A total of 39 alleged Derbyshire coronavirus fine breaches will be decided in rapid succession on Wednesday, June 9, followed by another 20 on June 30.
The hearings will be carried out at Derby Magistrates Court using the Single Justice Procedure, in which verdicts are decided on written submissions alone – often just a statement from the police – by a magistrate and a legal advisor.
There is no prosecutor or defence lawyer present.
This is carried out without media or public access and the defendants involved frequently have no knowledge of the hearings, though documents can be requested after the fact.
These cases reach a magistrate if a defendant either pleads guilty or has not “engaged” in the process – has not responded to a letter informing them of the charge or submitted a plea.
Before the pandemic, the Single Justice Procedure, introduced in 2015, was typically used for vehicle licence and TV licensing fines. It was pitched as a bid to speed-up the process and save on costs.
Derby magistrates heard two Covid-19 related SJP cases in March and two more in November, with this month’s hearings representing a substantial upsurge in cases.
This may be due to the delay in cases getting to court due to a crippling backlog and also due to the increase in Covid-19 fines given out by Derbyshire police, which stepped up enforcement earlier this year.
Derbyshire police has issued more than 1,600 Covid fines since the start of the pandemic and rescinded 119 coronavirus fines.
In SJP cases, a magistrate convicts and sentences in a closed court and the defendant receives the judgement in the post.
A Crown Prosecution Service review of 1,821 Covid-related fines found 549 unlawful charges, says civil liberties campaign group Big Brother Watch.
Concerns have been raised about the transparency of these hearings and the need for open justice.
Last week, Big Brother Watch, a civil liberties campaign group, wrote an open letter to Government officials, saying: “The Single Justice Procedure is not an appropriate mechanism for dealing with charges under the Regulations and the Act, given the high rates of unlawful charges, and wide confusion over the details of restrictions.
“Confusion over restrictions has been well-documented, with police officers and even Government ministers routinely demonstrating that the intricacies of new restrictions are not well understood.
“The CPS’s reviews have made it apparent that magistrates have also failed to prosecute correctly and lawfully those charged under the Regulations and the Act.
“Coronavirus regulations are a complex area of law and people charged with coronavirus offences therefore need independent legal advice, and these new laws need testing. It is especially concerning that the Single Justice Procedure operates largely without the defendant having access to an independent lawyer.
“Cheap judicial process now could lead to thousands of pounds of damages in years to come and significant reputational damage to the criminal justice system.”
In late April, the UK Parliament’s Joint Committee on Human Rights found: “We are concerned that the single justice procedure is an inadequate tool to provide the necessary fair trial protections for people accused of offences that are so poorly understood and lacking in clarity and where so many mistakes have been made by enforcement authorities.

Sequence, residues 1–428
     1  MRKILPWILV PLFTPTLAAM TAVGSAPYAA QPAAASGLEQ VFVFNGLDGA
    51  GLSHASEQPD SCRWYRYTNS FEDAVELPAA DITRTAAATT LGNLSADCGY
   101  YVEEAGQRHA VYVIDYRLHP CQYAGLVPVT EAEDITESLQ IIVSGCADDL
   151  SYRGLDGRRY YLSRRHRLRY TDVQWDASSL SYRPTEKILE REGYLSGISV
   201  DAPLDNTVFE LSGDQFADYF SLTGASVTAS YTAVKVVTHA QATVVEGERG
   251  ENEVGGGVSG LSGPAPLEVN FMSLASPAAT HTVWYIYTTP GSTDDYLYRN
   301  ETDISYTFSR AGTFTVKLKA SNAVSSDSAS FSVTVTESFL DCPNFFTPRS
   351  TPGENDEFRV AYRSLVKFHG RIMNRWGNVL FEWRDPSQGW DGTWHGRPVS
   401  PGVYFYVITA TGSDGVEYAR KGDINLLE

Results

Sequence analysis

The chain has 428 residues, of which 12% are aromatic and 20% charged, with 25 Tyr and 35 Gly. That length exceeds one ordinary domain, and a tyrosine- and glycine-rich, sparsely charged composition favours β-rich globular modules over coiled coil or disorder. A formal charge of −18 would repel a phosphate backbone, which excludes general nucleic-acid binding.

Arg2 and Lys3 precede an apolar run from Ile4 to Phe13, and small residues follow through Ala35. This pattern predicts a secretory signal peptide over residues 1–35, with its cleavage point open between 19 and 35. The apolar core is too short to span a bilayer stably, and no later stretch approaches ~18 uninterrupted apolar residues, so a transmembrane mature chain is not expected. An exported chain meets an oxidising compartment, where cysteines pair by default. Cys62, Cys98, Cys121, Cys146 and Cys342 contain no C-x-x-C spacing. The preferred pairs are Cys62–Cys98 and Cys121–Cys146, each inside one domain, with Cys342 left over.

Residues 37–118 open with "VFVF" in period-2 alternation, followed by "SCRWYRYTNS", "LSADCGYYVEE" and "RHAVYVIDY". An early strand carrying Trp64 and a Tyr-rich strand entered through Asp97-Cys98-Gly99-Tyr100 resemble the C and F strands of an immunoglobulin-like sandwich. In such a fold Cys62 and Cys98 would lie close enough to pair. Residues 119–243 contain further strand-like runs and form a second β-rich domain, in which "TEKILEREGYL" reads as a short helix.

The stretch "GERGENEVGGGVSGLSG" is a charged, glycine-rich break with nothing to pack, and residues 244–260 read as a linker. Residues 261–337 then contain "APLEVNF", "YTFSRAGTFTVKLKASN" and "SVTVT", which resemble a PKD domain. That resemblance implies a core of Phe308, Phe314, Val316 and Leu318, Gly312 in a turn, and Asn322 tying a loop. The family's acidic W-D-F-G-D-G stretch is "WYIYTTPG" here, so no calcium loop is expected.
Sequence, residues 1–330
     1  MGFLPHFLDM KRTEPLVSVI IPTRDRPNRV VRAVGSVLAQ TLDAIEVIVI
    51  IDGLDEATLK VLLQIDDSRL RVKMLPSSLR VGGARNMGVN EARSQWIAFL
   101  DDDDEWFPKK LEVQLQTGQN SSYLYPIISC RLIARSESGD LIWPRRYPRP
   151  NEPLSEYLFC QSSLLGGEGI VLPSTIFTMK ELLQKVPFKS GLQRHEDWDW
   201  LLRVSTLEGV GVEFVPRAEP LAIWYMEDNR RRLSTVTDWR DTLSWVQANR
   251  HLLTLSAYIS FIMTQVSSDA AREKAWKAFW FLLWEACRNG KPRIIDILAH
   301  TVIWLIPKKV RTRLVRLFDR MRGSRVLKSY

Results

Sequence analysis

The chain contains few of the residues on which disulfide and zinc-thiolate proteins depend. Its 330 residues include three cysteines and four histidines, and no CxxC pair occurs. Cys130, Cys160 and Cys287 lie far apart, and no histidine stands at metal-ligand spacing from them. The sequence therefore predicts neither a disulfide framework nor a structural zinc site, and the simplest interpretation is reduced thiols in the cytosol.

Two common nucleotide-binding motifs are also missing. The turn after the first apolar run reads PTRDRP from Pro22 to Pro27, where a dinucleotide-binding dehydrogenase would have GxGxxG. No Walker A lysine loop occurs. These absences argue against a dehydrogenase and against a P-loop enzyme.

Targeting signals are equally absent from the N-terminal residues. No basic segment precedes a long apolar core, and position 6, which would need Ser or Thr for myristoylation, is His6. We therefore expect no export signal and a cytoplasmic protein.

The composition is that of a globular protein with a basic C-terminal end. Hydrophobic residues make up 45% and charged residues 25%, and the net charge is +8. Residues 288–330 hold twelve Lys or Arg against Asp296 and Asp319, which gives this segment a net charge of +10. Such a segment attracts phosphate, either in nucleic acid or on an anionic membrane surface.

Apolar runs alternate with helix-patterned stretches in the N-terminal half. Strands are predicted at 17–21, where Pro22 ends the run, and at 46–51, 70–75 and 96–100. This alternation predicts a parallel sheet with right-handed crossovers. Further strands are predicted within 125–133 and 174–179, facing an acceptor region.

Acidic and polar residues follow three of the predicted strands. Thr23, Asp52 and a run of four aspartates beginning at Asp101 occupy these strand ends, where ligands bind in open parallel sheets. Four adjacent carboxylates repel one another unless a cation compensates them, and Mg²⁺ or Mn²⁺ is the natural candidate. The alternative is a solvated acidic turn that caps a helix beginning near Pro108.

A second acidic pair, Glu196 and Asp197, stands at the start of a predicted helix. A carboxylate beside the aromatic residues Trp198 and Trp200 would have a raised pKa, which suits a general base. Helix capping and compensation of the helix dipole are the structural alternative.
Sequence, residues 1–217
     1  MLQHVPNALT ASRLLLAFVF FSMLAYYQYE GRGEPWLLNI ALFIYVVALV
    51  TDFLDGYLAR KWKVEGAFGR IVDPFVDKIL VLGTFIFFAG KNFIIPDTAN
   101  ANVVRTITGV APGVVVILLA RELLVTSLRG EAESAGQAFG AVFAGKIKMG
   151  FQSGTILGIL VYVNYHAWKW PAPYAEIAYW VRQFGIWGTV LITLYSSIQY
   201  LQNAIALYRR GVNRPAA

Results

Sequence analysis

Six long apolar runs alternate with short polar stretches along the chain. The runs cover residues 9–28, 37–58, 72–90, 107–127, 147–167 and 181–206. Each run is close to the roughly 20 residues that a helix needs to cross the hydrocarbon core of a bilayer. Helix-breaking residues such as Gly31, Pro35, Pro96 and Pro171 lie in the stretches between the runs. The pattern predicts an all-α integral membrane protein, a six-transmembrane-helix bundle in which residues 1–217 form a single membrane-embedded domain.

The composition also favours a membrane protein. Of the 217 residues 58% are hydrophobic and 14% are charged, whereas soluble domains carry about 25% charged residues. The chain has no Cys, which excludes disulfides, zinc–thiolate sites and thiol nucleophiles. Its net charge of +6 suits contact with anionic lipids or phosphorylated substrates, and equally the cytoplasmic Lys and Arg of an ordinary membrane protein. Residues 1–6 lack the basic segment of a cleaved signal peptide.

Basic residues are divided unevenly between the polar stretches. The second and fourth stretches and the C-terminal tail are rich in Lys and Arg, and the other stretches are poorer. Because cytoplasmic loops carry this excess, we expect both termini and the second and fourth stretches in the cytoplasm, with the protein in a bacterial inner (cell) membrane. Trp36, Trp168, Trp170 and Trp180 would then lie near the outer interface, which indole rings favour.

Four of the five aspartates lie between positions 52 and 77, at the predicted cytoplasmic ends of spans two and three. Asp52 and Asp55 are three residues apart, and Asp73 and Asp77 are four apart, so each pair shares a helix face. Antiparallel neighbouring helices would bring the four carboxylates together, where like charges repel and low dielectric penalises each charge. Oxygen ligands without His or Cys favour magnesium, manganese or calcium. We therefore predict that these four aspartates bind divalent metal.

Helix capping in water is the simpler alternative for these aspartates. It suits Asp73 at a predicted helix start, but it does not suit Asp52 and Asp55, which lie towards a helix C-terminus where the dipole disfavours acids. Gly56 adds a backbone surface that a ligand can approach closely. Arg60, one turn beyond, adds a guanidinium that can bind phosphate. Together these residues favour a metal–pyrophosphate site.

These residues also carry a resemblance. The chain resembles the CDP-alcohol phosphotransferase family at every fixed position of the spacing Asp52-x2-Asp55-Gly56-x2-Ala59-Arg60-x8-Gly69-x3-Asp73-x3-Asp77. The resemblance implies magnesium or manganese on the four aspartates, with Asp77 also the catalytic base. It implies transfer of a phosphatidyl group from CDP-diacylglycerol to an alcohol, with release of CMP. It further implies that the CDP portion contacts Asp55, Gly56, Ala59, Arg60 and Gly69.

“There are real concerns about the fairness of these hearings for an area of law whose enforcement has been riddled with errors, and where there often needs to be careful consideration of whether the accused had a ‘reasonable excuse’ in order for an offence to have been committed.”
It heard that 88 per cent of defendants in SJP cases in September had not submitted a plea.
The committee also heard: “A defendant who was unaware of the proceedings can re-open them by swearing a declaration to that effect and has the option of appealing to the crown court.”
The charity Transform Justice has said: “Someone prosecuted under the SJP is unlikely to know they will be prosecuted this way, let alone have any choice as to the method of prosecution.
“The police/public transport inspectors/other agents do not consult the accused as to the method.
“Those prosecuted under the single justice procedure receive their charge in the post. Ordinary post is used so there is no proof of receipt.”
Beverley Higgs, chair of the Magistrates Association, told the Parliament Justice Committee in late April that concerns over transparency have not been addressed.
Lord Wolfson, Parliamentary Under-Secretary in the Ministry of Justice, told the committee: “ ‘The important thing about the single justice procedure is, the alternative – to have a full hearing before a bench of three magistrates – would be massively resource-intensive and could overwhelm the magistrates’ courts.
“It could be argued that there is more transparency. You can obtain the underlying information in the single justice procedure if you are a member of the media in a way frankly which you can’t if you’re sitting at the back of the magistrates’ court…
“If you imagine a journalist walking into the magistrates’ court and sitting at the back, there is a lot of material the journalist does not see.
“When you’re in the single justice procedure, the statement of the prosecution and the defence is available to be looked at.
“Arguably there is more transparency in the SJP procedure than the traditional procedure.”